APPALACHIA (April 12, 2021) – The news of flooding in Eastern Kentucky may have faded into the background for the rest of the state, but residents in Central Appalachia are still struggling to put their lives back together. With the economic fallout of the pandemic layered onto generational poverty, residents found themselves battered by a succession of winter storms including, ice, snow, and historic flooding. Christian Appalachian Project’s (CAP) Operation Sharing is committed to helping communities for as long as it takes.
“The flood may be over, but CAP and our community partners are still on the ground to serve as long as needed,” said Aaron Thoms, manager of CAP’s Operation Sharing warehouse in Paintsville, Kentucky. “We have tractor trailers with refrigerated food boxes that will be provided to partner agencies who will distribute to families in need. It will immediately reach people that can benefit from it.”
That includes food pantries like God’s Hands Ministry, the Lawrence County Food Bank in Blaine, Kentucky. The pantry was also a victim of the floods, but staff and volunteers were committed to making sure the ministry survived.
“We had five feet of water in the pantry and lost 78 tons of food and essentials that could have gone to serve the community,” said Rachael Wheeler, president of the pantry. “All I could do was stand there and cry because it was all gone. It was devasting. The community rallied around us and I knew I could call Aaron at Operation Sharing. Without the partnership with CAP, the number of people we help wouldn’t be possible.”
In the last year, the pantry has gone from serving hundreds to serving thousands, and the floods just made a bad situation worse. Wheeler has received five tractor trailer loads from CAP since March, and a sixth containing food, essential items, and furniture will be delivered on Thursday, April 15 to help residents with daily needs and to begin to put their lives back together.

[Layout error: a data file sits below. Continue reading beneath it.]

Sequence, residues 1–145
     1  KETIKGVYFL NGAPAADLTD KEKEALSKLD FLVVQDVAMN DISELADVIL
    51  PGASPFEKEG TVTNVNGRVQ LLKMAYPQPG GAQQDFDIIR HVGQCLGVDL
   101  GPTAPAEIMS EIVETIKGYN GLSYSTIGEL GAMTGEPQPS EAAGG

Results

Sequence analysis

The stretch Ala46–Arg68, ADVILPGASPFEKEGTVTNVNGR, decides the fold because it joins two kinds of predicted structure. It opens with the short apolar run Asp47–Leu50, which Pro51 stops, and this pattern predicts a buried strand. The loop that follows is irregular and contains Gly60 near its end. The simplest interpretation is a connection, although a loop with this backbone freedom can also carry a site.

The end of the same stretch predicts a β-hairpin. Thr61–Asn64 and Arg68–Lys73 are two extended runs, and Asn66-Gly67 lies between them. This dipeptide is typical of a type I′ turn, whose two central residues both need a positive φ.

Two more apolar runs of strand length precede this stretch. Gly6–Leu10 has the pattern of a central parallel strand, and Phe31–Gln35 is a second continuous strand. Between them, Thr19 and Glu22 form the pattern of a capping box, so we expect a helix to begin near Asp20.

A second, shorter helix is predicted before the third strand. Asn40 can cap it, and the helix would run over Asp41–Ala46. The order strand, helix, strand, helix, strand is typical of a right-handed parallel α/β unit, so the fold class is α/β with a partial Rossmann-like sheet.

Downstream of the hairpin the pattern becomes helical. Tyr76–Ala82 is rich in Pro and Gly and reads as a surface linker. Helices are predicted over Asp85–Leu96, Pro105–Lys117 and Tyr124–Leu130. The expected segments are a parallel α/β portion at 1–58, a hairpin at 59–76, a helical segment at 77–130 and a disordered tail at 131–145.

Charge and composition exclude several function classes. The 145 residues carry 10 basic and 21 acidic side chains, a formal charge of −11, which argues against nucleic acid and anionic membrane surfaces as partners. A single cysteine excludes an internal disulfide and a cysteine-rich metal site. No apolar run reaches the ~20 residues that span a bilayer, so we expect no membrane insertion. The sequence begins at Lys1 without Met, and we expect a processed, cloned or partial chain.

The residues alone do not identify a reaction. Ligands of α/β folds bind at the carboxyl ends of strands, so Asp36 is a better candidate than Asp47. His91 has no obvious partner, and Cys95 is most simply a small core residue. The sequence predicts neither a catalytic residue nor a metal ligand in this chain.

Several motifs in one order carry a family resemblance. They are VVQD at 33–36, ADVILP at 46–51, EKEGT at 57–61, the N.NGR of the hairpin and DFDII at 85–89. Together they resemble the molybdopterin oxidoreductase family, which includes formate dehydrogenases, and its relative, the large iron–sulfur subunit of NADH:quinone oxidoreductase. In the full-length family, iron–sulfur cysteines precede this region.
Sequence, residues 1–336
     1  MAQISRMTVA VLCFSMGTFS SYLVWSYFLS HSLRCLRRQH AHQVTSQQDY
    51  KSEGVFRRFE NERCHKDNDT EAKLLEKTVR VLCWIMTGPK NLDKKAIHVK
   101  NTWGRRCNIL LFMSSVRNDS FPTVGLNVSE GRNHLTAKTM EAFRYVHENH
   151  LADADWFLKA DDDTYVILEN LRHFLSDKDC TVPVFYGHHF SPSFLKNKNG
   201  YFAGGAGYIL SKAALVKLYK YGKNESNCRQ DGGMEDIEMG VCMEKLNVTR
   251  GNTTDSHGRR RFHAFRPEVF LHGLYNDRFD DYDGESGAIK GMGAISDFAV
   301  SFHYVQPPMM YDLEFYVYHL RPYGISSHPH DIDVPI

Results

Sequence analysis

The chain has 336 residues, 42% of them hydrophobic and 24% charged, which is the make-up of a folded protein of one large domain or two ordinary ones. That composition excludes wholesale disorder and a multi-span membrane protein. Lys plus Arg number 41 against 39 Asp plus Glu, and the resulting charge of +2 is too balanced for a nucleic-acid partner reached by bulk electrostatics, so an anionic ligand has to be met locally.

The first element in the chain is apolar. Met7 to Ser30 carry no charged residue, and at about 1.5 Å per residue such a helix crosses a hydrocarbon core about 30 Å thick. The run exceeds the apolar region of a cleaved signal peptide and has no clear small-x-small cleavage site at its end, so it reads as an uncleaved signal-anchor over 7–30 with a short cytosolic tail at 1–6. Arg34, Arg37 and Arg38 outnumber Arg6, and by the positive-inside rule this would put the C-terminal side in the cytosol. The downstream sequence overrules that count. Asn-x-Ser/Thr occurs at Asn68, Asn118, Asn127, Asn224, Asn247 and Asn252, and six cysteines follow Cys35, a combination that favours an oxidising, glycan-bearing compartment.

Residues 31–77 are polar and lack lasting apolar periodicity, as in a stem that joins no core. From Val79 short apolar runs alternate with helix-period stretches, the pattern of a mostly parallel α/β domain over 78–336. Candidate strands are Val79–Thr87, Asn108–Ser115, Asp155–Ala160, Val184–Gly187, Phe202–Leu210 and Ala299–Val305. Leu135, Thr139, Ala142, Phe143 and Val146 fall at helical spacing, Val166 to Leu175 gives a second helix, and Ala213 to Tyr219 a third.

Across the state line in Dunlow, West Virginia, Addie Likens, co-director of Cabwaylingo Appalachian Mission, agrees. “The need here is so great. Because of the pandemic and the storms too, people have needs that they didn’t have before.”
Cabwaylingo will also receive USDA food boxes on April 15 and other items to help the community recover. According to Likens, community residents line up as much as 12 hours before a distribution to ensure they can receive food to feed their families.
“After the flooding, we had to open as a shelter because the community was without power for eight days,” Likens added. “Without the help of Operation Sharing, we would have to close our doors. In a typical distribution now we serve 300-500 families in need.”
After the floods, Christian Appalachian Project’s Disaster Relief and Housing Programs completed 160 home assessments and had teams on the ground in the communities surrounding Floyd, Johnson, Rockcastle, and Lawrence Counties. More than 100 employees, volunteers, and community members clocked more than 3,900 hours. CAP’s Operation Sharing Program has distributed more than 20 semi truckloads to families in 12 additional Kentucky counties, plus Wayne County, West Virginia.
“Everybody can use a little help sometimes,” Thoms said. “These food boxes and furniture will help supplement what families can provide for themselves. I am glad that we can do our part in helping families dealing with poverty.”
For nonprofits interested in coordinating with Operation Sharing for essential supplies, contact the Corbin office at 606.523.5799 or the Paintsville office at 606.789.3148. For churches, groups, and community members interested in volunteering, contact Becky Neuenschwander at 606.872.0892. To help CAP meet these continued needs of families and individuals impacted by flooding, visit www.christianapp.org/flood2021.